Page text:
Finally, recognize the brutal fact that on some cases, the only way to reach resolution, the only way to for the injured worker to truly heal, is to deal with the underlying psychological issues faced by that person.  Note that according to the CDC, more than 60% of us experienced some kind of childhood trauma or abuse (verbal, physical, psychological, sexual, etc.)  We are a society of broken people.  Workplace injuries can trigger, exacerbate, or prolong our struggles with inner demons that have nothing to do with our non-specific low back pain.

I'm not declaring you should take on psych without regard to the potential consequences.  I'm simply suggesting that the first step to solving a problem is recognizing we have one.  And the second step is to have a real dialogue about the nature of that problem.

On Twitter @PRIUM1

Wednesday, September 24, 2014

Calls for FDA Commissioner to Step Down Over Opioids

Anti-addiction advocates have sent a letter to Secretary of Health and Human Services Sylvia Burwell calling for FDA Commissioner Margaret Hamburg to step down.  The letter itself is worth reading.

I was in the audience at the National Prescription Drug Abuse Summit here in Atlanta back in April when Dr. Hamburg attempted to address some of the decisions the agency has made.  I can understand the tension created by the need to balance public health with the FDA's role of approving medications on which million upon millions of R&D dollars have been expended.  My view: it's not that she doesn't get it, it's that she's erring on the wrong side of the issue.  Public health concerns should be the primary lens through which her agency assesses new pain medications and that's simply not the case right now. 

The letter is signed by many organizations, most notably Physicians for Responsible Opioid Prescribing (PROP).  This organization has worked tirelessly to push back against the tide of prescription drug misuse and abuse and the regulatory system that enables it.  If you haven't seen or taken advantage of their education materials, you absolutely should.  Every person in medical and claims management can learn something about opioid abuse here: PROP web site

While I don't think Commissioner Hamburg will step down, the press coverage of the letter shines a spotlight on the issue and calls into question the behavior of the key federal regulatory agency responsible for approving new pain medications.  I think this will help push us toward a more comprehensive and responsible view of opioid prescribing.  

On Twitter @PRIUM1

Monday, September 22, 2014

Unfunded Mandates and Patient Safety

Last week, several New Jersey state legislators convened a press conference to announce a legislative package intended to stem the tide of opioid and heroin overdoses in the Garden State.  And quite a package it turned out to be: 21 bills are included, covering everything from mandatory insurance coverage for behavioral health to the use of naloxone to prevent overdoses.  There appears to be enough in the package that everyone has something they like... and everyone has something they don't like.  Should make for interesting politics.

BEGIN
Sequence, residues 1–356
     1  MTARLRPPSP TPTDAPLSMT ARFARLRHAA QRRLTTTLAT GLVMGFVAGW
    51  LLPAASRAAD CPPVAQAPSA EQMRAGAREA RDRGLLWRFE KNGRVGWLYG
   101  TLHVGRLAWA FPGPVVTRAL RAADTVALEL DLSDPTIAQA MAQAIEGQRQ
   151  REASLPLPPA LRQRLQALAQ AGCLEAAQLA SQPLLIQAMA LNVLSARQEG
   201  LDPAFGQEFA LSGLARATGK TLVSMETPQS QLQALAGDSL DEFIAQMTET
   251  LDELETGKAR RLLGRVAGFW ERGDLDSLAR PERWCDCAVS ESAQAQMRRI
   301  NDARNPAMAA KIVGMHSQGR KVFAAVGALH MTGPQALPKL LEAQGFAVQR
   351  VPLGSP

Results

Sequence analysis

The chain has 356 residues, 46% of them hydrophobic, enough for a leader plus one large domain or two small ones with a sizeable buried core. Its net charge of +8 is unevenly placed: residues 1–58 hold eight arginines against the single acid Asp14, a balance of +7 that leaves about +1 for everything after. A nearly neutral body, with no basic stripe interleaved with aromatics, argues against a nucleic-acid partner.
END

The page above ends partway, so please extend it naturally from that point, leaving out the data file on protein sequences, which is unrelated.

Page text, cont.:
One key piece of legislation in the package caught my eye.

The bill requires the mandatory registration and use of the Prescription Monitoring Program (PMP) among New Jersey physicians.  Everyone likes the concept of the PMP, but the Medical Society of New Jersey has an issue with requiring doctors to consult the database prior to writing prescriptions. Should this bill pass, New Jersey would join Oklahoma, Kentucky, New York, Tennessee, and Massachusetts as the only states that require doctors to consult the database prior to writing prescriptions for pain management medications.  If New Jersey legislators are smart, they'll include provisions (like Oklahoma did) creating exemptions for hospice and other end-of-life care situations.  Additionally, they'll prohibit lawsuits against physicians for not checking the database.  While a patient can't sue a doctor for not checking the database, the doctor would still be in violation of the law and subject to sanctions, punishment, etc.

Doctors often refer to such requirements as an "unfunded mandate."  By that, they mean additional requirements are being placed on them with no additional remuneration.  But this is fundamentally about patient safety.  Are the pre-surgical verification steps outlined by JCAHO an "unfunded mandate"?  What about the commonly expected best practice of physicians washing their hands between patients?  These are things we do in the healthcare community to protect patients, physicians, and other stakeholders from the unintended consequences of care delivery.  I can't understand how that logic doesn't extend to opioid prescribing.